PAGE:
Saturday morning at the top of School street in Oak Bluffs was an extraordinary morning. It was at once a public demonstration of civic engagement and civic duty transpiring simultaneously. The library parking lot was full to the brim as people lined up to vote in the large community room. Voting started at 8:30 a.m. but about 40-plus took their place in the rain to exercise their right to vote. Much is at stake in the year of 2020. We have seen our nation torn apart by dysfunction, distaste and disregard in Washington while trying to confront an indiscriminate virus, lack of access to health care, police brutality, institutional racism, vigilante militancy, chronic unemployment and food insecurity just to mention some of the issues top of mind for voters. And the issues of “right to repair” and rank choice voting have seen competing sides spend millions of dollars on advertising hoping to influence our voting. And of course there are our local elected officials also on the down ballot.

One lady had a beach chair to ease her wait, another lady was reading a book, another person was limping on one crutch, some had rain coats, a father brought his young son to witness the occasion, others just stood in the raw misty rain not in the least bit deterred by the weather. Fred Jackson, Gus Anglin, Pat Washington, Troy and Gillian Harris were just a few of the faces that I recognized. I am quickly reminded of those in other parts of the country who will not have an easy time to vote. They will stand in line for hours defying inadequate staffing, limited space and, in some cases, finding that their name has been purged from the voting rolls. We should salute the planning, preparation and attention to voter hosting that the town and volunteers executed so that we would have a smooth experience.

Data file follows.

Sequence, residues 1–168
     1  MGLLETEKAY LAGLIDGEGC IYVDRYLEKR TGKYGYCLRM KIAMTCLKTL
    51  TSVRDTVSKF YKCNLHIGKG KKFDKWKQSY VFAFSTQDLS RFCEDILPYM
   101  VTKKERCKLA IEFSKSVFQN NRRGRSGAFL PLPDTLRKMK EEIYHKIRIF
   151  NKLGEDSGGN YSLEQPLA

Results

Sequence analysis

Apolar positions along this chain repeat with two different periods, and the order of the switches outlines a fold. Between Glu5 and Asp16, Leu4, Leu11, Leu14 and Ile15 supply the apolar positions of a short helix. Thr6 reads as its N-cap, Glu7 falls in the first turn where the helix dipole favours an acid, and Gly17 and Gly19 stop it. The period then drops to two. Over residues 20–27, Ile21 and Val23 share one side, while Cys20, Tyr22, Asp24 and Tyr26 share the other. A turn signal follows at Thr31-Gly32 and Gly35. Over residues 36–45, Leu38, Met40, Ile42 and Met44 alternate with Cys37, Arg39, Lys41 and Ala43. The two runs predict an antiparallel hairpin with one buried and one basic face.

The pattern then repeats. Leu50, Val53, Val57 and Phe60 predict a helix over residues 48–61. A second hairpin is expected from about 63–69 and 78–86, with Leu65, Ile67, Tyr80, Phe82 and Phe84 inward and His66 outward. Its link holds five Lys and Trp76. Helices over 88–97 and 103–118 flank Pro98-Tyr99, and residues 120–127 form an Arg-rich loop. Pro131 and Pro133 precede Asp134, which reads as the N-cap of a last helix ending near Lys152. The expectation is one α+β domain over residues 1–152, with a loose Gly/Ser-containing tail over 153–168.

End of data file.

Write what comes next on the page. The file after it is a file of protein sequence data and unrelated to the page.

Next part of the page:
On the other side of School street civic engagement was at its best. Staff and volunteers from the Good Shepard Parish Food Distribution were preparing to host the 10:30 p.m. food give away to those in need. Tables of dry goods were being stacked and packaged. In the meantime cars were lining up in the Oak Grove Cemetery across from Pacific avenue. The effects of the virus has unmasked a number of serious disparities that include housing shortages, underemployed and food insecurity. The dedication of the team from the Good Shepard Parish should be applauded.

Saturday afternoon saw the rain abate, the clouds blow away and the sun appear in full blaze. As I drove by the iconic Ocean Park, my ninth wonder of the world, I saw the geese in large numbers grazing on our lush green grass storing food for the long flight to Canada. People were flying kites, playing touch football and enjoying this summer day in the fall season. The ease with which we can vote, the volunteers who fight hunger punctuate for me once again how special the culture is that surrounds us here on the Vineyard.

Ch eers to Bob and Jodie Falkenburg, who live in the campgrounds in Oak Bluffs. They celebrated their 70th anniversary on October 22.

Paradise on earth is living the Vineyard experience. Enjoy it as life is fleeting!